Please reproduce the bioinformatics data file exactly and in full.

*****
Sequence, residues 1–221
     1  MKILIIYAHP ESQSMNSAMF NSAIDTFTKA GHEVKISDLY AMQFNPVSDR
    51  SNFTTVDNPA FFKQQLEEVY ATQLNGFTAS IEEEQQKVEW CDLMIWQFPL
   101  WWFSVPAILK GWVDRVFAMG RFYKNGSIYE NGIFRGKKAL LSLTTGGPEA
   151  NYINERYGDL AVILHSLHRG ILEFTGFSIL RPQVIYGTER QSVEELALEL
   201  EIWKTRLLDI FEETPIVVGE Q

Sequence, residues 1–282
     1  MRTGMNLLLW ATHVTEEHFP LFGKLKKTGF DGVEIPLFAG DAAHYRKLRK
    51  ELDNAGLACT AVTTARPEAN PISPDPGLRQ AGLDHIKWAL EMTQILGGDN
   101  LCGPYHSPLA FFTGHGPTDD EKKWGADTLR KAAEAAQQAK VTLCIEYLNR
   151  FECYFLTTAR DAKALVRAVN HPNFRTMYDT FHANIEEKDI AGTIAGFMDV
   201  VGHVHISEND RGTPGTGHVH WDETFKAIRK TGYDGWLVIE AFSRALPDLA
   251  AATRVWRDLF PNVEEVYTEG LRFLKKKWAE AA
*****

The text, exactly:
Sequence, residues 1–221
     1  MKILIIYAHP ESQSMNSAMF NSAIDTFTKA GHEVKISDLY AMQFNPVSDR
    51  SNFTTVDNPA FFKQQLEEVY ATQLNGFTAS IEEEQQKVEW CDLMIWQFPL
   101  WWFSVPAILK GWVDRVFAMG RFYKNGSIYE NGIFRGKKAL LSLTTGGPEA
   151  NYINERYGDL AVILHSLHRG ILEFTGFSIL RPQVIYGTER QSVEELALEL
   201  EIWKTRLLDI FEETPIVVGE Q

Sequence, residues 1–282
     1  MRTGMNLLLW ATHVTEEHFP LFGKLKKTGF DGVEIPLFAG DAAHYRKLRK
    51  ELDNAGLACT AVTTARPEAN PISPDPGLRQ AGLDHIKWAL EMTQILGGDN
   101  LCGPYHSPLA FFTGHGPTDD EKKWGADTLR KAAEAAQQAK VTLCIEYLNR
   151  FECYFLTTAR DAKALVRAVN HPNFRTMYDT FHANIEEKDI AGTIAGFMDV
   201  VGHVHISEND RGTPGTGHVH WDETFKAIRK TGYDGWLVIE AFSRALPDLA
   251  AATRVWRDLF PNVEEVYTEG LRFLKKKWAE AA